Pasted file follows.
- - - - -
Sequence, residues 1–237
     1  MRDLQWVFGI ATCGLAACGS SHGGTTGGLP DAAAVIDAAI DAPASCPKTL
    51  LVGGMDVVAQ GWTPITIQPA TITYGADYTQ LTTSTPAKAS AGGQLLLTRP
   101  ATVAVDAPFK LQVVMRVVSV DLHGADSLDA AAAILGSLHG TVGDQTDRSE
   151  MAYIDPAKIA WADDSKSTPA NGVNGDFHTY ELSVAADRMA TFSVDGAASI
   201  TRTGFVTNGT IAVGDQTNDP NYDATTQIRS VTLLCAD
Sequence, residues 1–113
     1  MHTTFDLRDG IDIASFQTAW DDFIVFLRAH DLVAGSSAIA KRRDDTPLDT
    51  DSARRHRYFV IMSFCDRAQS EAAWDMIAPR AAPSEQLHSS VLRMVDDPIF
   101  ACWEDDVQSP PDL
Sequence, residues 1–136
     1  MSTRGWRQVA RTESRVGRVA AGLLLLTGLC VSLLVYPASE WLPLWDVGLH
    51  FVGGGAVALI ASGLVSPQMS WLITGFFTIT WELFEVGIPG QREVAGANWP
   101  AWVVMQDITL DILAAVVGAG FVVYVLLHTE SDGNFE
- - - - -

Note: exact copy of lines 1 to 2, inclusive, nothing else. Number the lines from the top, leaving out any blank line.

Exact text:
Sequence, residues 1–237
     1  MRDLQWVFGI ATCGLAACGS SHGGTTGGLP DAAAVIDAAI DAPASCPKTL